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Posted on February 1, 2018 by in Shawn Vincent

Four Shots In The Dark: Case Analysis of the Kaarma case- Post Incident Actions



Part 5: How Post-Incident Actions Affected the Legal Defense of Markus Kaarma 

In our series The Four Elements of Self-Defense, we’re exploring how location, escalation, reasonable fear, and post-incident accidents can affect the legal defense in the wake of a self-defense shooting.  In our last installment, we explored how post-incident actions affected Kaarma’s legal defense  In this installment we examine the verdict in the Kaarma case and summarize the lessons learned for the concealed carrier.

When Missoula, Montana homeowner Markus Kaarma detected an intruder in his garage around midnight on April 27, 2014, he grabbed a shotgun, exited his front door, and fired four shots into his darkened garage killing the intruder, seventeen-year-old foreign exchange student Diren Dede.  At 9 A.M. the following morning, a detective for the Missoula Police Department arrested Kaarma for deliberate homicide.  In the intervening hours, Kaarma made multiple statements to police without the advice of a lawyer.  Those statements would end up haunting the defense team at trial. 

Kaarma agreed to giving a recorded video statement to police.  In the video, he wears the same pajama bottoms he was wearing a the time of the shooting, and he twists in a swivel chair as he recounts, in an almost defiant tone, his memory of the shooting.  There were two primary problems with Kaarma’s testimony: firstly, it conflicted with some physical evidence and the testimony of other witnesses, including that of Jannel Pflager, his common law wife. Secondly, he seemed clear-headed and unremorseful.  Prosecutors would play the entire video at trial.  During the eight-hour deliberation, the video of Kaarma’s statements was the only evidence the jurors asked to review.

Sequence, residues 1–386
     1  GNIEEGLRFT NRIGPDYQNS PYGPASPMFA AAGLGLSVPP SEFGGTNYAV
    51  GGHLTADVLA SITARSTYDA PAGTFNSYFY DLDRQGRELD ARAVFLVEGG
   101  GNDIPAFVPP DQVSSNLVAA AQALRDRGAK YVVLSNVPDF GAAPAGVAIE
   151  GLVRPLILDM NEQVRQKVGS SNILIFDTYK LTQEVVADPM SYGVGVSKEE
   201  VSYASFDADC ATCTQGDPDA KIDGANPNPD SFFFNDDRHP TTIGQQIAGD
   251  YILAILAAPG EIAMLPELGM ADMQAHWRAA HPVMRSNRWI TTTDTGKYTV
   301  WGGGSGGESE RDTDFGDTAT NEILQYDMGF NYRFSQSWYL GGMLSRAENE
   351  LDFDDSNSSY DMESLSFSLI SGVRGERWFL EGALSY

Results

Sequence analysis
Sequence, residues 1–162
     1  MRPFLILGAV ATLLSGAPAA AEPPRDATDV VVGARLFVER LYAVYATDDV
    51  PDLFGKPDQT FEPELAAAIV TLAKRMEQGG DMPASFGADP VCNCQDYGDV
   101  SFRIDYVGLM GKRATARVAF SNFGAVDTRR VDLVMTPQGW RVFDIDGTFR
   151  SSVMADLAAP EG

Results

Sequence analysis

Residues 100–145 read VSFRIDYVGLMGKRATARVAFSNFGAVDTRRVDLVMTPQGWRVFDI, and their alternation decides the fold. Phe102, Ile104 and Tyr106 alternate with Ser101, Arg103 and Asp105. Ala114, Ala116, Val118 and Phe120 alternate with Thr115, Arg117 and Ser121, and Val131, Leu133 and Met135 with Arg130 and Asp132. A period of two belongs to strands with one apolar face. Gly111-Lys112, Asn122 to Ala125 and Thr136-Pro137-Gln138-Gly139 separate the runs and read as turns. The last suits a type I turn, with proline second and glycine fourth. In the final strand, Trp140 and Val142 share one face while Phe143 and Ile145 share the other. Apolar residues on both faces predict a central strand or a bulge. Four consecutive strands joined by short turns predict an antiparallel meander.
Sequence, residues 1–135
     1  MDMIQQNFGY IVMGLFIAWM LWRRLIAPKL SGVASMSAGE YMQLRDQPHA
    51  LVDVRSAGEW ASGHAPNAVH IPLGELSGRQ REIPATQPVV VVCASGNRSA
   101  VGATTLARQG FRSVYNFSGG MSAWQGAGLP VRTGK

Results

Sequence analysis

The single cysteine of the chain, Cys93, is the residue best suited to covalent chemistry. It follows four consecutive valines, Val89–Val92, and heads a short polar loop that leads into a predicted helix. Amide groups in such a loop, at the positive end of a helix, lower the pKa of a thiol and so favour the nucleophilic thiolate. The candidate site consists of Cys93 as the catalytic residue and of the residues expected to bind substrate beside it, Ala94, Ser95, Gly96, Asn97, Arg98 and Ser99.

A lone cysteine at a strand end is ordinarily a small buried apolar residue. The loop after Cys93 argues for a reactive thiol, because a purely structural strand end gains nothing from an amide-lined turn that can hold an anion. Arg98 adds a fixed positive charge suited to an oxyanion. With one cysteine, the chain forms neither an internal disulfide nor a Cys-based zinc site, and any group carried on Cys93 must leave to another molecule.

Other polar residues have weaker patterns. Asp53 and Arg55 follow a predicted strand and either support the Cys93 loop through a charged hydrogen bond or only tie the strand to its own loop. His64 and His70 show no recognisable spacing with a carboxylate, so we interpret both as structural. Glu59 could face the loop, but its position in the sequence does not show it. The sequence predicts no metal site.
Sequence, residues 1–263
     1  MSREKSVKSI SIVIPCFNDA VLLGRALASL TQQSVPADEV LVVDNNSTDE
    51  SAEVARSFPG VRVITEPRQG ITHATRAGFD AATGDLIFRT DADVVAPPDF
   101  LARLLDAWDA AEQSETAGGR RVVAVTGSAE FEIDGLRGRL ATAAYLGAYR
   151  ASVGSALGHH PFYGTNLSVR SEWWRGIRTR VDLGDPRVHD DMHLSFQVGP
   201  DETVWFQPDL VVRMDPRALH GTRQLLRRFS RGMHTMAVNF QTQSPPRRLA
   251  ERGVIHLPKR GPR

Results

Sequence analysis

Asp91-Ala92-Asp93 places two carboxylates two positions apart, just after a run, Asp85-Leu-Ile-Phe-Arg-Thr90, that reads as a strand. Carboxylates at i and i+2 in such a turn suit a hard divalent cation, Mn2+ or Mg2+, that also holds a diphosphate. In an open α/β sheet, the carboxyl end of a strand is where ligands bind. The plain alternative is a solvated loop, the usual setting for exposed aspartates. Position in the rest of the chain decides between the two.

Kaarma also made the mistake of talking about the case with Pflager on the jailhouse phone.  Prosecutors played a recording of some of the statements at trial.  Pflager confirms that she heard Dede yell something before the final shot (seeming to confirm her earlier testimony that Dede pled for his life before the final shot).  Kaarma said, “Everyone should rejoice that our neighborhood is safer,” showing a remarkable lack of empathy for Dede.  Finally, he expressed some pride at the response he received from fellow inmates when they asked what he was in for. “You should see the looks on their faces when I say ‘homicide.’ There are no other murders in here.”

The lesson for the gun owner concerned with home defense is that you should limit your exposure when it comes to talking about the shooting. While you should always cooperate with police, you should never make detailed statements to law enforcement without the advice of a lawyer.   In the immediate aftermath of the shooting, you’ll be traumatized and at risk of making confused and inaccurate statements. When police are involved in officer involved shootings, it is standard practice to wait 48 to 72 hours before asking the officer to testify. That’s how long it takes for the mind to recover from the trauma. 

Also, remember that jailhouse telephones are monitored and recorded, and prosecutors will listen to the calls looking for things they can use at trial.  What you say can and will be used against you in court.  And perhaps this goes without saying: never refer to yourself as a “murder.” It doesn’t play well at trial.

In our next instalment we’ll examine the verdict in the Kaarma trial, and summarize lessons learned for the concealed carrier.

Shawn Vincent- Litigation Consultant

Shawn Vincent is a litigation consultant who helps select juries in self-defense cases, and he manages public interest of high-profile legal matters.  If you have any questions for Shawn, or would like more articles like this, let us know below!